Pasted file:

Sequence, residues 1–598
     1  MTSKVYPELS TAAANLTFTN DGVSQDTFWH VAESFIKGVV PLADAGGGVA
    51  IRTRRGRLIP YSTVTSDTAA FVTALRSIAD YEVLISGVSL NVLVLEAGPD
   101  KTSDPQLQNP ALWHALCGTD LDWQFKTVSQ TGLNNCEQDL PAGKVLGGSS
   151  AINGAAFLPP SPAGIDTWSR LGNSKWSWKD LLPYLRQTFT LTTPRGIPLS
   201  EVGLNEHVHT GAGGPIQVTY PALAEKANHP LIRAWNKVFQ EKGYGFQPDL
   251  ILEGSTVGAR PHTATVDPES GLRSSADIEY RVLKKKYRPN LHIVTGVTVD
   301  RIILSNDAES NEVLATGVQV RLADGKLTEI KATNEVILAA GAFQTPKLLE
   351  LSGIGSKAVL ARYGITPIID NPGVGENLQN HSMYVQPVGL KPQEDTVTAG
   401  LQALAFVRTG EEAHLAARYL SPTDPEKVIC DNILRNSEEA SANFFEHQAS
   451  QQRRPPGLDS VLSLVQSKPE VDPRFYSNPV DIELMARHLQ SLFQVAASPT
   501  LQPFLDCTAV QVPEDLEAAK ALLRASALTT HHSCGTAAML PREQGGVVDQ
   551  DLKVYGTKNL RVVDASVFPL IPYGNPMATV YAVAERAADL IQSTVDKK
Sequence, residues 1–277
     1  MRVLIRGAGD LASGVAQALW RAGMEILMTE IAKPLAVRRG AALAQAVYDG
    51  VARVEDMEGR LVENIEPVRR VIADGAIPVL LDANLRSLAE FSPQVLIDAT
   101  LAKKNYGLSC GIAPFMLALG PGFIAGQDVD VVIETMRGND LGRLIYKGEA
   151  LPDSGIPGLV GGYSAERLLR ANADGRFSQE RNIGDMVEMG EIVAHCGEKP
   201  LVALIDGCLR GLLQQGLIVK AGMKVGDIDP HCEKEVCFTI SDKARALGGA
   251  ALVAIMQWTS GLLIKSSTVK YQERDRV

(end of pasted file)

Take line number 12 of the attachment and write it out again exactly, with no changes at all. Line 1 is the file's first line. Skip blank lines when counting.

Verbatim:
   501  LQPFLDCTAV QVPEDLEAAK ALLRASALTT HHSCGTAAML PREQGGVVDQ